After being diagnosed with breast cancer at 27 and encountering difficulties during treatment, Melissa was constantly worried. It wasn’t until she went to therapy that she realised she’d been experiencing physical and mental symptoms of health anxiety and PTSD.

Melissa, a young woman with long, blonde hair, stands in the middle of a crowded Times Square

I experienced some difficult moments on my own

In September 2020, I found a lump in my breast while in the shower. I contacted the GP pretty much immediately and got a referral to the breast unit. After an ultrasound, a biopsy, and two weeks of waiting, I was told I had cancer.

Because of COVID restrictions, I was totally alone when I got the news. I remember being told that they thought it was treatable, but most of the appointment is just a blur to me now. I was so upset.

After another two weeks of waiting, I got my full diagnosis: stage one, grade three, HER2+ invasive ductal carcinoma.

Because of my age (I turned 27 the week I was diagnosed), I was offered fertility treatment. Once that was done, I was supposed to have chemotherapy and then surgery and radiotherapy. However, the fertility treatment was going to take a while, so they gave me the surgery first.

As it turns out, I am allergic to the blue dye they put in to find your lymph nodes, so I went into anaphylactic shock and got put on a ventilator. I didn’t know about it until I woke up in intensive care 24 hours later – again, on my own.

I had never experienced anxiety before my cancer diagnosis

Luckily, they had already removed the cancer and were stitching me up when I had the reaction, so the surgery was a success.

I continued with my treatment up until August 2021, and there were a few more bumps along the way. The fertility treatment was horrible (but we managed to store 19 embryos, so worth it), I lost all my hair, and also suffered with sepsis and a blood clot.

It didn’t end when my treatment did, though. In October 2021, I had to start therapy because my health anxiety was just off the scale. I was diagnosed with PTSD because of everything that had happened.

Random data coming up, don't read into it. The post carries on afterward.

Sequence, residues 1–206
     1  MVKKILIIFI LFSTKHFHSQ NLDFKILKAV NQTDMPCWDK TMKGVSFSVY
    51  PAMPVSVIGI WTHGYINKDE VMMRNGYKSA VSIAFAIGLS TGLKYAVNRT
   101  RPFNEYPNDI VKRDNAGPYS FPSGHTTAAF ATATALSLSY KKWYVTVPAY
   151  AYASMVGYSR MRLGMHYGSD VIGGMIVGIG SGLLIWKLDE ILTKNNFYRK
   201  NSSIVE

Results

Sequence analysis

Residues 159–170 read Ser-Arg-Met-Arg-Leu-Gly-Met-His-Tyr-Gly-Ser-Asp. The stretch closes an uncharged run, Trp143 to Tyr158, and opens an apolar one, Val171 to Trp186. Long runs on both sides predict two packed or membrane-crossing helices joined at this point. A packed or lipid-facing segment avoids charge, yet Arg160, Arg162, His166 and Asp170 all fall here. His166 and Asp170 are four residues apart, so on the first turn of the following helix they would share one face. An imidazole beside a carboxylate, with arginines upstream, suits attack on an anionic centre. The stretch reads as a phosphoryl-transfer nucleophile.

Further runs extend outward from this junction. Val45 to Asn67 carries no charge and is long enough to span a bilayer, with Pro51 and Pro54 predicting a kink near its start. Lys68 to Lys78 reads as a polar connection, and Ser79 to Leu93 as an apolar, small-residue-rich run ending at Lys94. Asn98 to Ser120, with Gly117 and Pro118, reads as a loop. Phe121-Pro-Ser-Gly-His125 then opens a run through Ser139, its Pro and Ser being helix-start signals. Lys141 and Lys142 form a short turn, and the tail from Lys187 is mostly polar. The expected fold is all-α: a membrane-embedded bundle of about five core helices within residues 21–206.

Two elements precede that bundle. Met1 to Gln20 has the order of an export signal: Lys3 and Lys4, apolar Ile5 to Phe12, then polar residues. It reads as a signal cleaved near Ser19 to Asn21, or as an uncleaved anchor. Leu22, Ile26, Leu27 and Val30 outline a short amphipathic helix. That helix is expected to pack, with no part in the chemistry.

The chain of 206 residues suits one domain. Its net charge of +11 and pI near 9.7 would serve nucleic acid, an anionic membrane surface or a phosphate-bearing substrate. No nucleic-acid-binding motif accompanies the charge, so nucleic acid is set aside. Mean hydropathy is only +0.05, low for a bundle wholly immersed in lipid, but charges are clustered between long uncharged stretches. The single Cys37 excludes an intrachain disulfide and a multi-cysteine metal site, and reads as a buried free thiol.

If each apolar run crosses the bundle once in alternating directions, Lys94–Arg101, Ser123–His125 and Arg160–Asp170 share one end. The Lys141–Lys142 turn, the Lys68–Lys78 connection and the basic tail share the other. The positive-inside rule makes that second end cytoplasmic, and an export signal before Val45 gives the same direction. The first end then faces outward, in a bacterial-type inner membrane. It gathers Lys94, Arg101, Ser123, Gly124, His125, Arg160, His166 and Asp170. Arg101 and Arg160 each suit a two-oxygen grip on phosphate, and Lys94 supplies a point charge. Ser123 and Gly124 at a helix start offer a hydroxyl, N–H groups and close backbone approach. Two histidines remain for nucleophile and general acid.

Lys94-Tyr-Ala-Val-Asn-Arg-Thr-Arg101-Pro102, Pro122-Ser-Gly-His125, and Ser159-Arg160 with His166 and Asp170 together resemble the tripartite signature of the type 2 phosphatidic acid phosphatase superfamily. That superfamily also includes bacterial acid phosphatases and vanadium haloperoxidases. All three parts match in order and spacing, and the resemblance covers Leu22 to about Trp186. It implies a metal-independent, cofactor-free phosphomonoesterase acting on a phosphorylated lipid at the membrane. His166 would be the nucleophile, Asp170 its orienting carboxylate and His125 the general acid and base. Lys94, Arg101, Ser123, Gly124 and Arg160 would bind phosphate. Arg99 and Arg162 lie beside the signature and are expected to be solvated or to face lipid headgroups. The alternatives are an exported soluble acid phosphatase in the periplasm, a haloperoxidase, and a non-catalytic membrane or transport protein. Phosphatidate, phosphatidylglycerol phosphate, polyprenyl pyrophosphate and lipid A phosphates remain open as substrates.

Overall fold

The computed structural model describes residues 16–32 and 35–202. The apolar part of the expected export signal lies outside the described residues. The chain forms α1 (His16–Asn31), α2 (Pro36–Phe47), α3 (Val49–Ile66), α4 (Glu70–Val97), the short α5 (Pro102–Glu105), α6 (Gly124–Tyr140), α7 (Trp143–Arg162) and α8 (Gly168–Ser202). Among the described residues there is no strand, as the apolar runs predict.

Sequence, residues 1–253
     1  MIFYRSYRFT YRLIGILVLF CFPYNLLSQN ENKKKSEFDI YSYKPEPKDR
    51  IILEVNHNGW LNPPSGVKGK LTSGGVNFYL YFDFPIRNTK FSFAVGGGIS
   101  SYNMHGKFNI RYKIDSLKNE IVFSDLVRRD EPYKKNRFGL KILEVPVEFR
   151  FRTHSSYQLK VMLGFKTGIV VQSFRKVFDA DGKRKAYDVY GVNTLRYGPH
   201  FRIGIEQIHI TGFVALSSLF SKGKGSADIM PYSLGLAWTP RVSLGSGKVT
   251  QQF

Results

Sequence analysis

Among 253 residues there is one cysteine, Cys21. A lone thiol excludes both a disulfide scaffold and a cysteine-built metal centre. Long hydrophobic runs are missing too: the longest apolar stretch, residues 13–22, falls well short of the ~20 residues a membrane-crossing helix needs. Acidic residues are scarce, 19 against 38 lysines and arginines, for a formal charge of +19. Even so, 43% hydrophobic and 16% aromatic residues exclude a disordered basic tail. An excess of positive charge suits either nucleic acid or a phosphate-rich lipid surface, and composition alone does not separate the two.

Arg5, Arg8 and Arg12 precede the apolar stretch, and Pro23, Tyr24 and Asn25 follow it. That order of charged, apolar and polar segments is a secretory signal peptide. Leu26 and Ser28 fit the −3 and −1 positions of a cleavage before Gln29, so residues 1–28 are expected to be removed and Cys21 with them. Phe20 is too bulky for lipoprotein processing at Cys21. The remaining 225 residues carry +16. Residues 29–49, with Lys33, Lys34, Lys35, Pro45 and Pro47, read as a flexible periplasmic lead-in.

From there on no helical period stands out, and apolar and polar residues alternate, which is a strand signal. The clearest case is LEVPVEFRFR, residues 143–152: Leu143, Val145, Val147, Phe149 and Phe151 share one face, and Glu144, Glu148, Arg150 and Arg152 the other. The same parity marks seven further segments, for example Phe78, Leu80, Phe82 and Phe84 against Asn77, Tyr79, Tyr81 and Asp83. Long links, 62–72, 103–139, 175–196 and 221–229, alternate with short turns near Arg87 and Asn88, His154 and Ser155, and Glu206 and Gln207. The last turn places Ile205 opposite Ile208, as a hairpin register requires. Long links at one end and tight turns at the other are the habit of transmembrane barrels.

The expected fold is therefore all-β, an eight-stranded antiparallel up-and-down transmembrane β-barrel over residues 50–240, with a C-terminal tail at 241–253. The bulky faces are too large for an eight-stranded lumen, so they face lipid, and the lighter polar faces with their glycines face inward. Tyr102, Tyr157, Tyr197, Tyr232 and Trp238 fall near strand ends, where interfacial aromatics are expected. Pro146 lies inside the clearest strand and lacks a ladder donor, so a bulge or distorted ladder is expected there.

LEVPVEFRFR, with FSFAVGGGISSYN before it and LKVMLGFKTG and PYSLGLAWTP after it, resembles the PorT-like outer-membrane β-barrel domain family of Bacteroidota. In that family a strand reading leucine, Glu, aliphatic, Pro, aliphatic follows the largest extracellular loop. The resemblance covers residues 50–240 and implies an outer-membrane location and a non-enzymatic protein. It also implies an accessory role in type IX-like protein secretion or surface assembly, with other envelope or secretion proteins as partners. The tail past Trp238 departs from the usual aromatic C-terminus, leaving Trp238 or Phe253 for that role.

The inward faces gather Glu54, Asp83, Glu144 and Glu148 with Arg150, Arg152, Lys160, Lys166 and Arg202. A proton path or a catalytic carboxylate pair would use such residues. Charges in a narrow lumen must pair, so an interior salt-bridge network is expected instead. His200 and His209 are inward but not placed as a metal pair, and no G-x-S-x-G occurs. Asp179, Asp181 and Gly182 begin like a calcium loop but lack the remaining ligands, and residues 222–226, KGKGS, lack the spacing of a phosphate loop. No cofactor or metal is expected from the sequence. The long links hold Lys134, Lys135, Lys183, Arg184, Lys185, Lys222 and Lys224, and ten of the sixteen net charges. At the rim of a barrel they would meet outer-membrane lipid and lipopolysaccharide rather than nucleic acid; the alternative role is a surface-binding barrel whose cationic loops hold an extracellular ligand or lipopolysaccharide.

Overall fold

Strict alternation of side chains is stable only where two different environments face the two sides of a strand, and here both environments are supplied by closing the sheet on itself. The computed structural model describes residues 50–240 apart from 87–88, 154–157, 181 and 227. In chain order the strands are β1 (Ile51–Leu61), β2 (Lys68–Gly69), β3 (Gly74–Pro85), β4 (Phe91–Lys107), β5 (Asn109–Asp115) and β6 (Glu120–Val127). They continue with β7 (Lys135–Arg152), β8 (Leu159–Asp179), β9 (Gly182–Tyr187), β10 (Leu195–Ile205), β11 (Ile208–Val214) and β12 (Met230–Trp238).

I had never suffered with anything like it before. As soon as I was diagnosed, however, I constantly worried that there was going to be a recurrence, or that pain in other parts of my body were symptoms that it had spread.

At one point, I had a headache for three weeks. I had two CT scans of my brain, but both came back clear. I thought I had heart problems because I would constantly get palpitations and experience a racing heartbeat. Now, I realise that they were symptoms of anxiety.

Therapy helped me come to terms with everything that had happened

Until it happens to you, you don’t necessarily realise the effect that stress and anxiety can have on your body. It also didn’t help that I lost a friend to breast cancer just two months after being diagnosed.

The doctors had offered me SSRIs early, but I turned them down because I felt I already had enough stuff being pumped into my body. I regret not listening to them now, because I’ve been put on fluoxetine, and it’s really helped.

I also had about 25 weeks in therapy, and being able to talk about what had happened to me really helped me to come to terms with things.

I finally felt well enough to resume planning my wedding (which was originally meant to happen in 2021). I had originally postponed it because I lost my job, but when I was diagnosed with cancer it was like all of the joy had been stripped out of my life. I didn’t have the capacity to think about getting married. I couldn’t look forward to anything.

It wasn’t until I started therapy that I felt in the right mindset to do it, and we eventually got married in May this year. It meant so much to me to be able to get married with a full head of hair after I’d lost it all in chemo.

It is possible to find happiness again after cancer

To some extent, I was able to talk about my worries with my friends and family. I delved into little bits here and there, but I didn’t want to talk about it too much. I felt that it was a burden. It wasn’t until I went to therapy that I was really able to get everything out there.

Since then, one of the other mums from my daughter’s school got diagnosed with breast cancer, and I’ve been able to talk to her about what she’s going through. It’s been nice for me as well as her - I’ve become the friend I wish I had when I was starting treatment.

I want to be that for other young ladies who are in my position. I think it’s so important to be able to speak to someone who understands what you’re going through. I was eventually able to do this myself through Breast Cancer Now’s Moving Forward programme, which I found helpful.

If anyone reading this has been recently diagnosed, just remember that you’re going through a lot right now. You are experiencing trauma, and you need to take time to rest and recover; not just your body, but your brain too.

Cancer might always be there at the back of your mind, but you can find life and happiness again outside of your diagnosis. The most important thing for you to do is start that process.

 

Coping with the shock of a diagnosis, treatment and side effects can make it difficult to readjust to the everyday - even when active treatment is over. If you're struggling to readjust after a breast cancer diagnosis, our Moving Forward programme could be helpful for you.

Moving Forward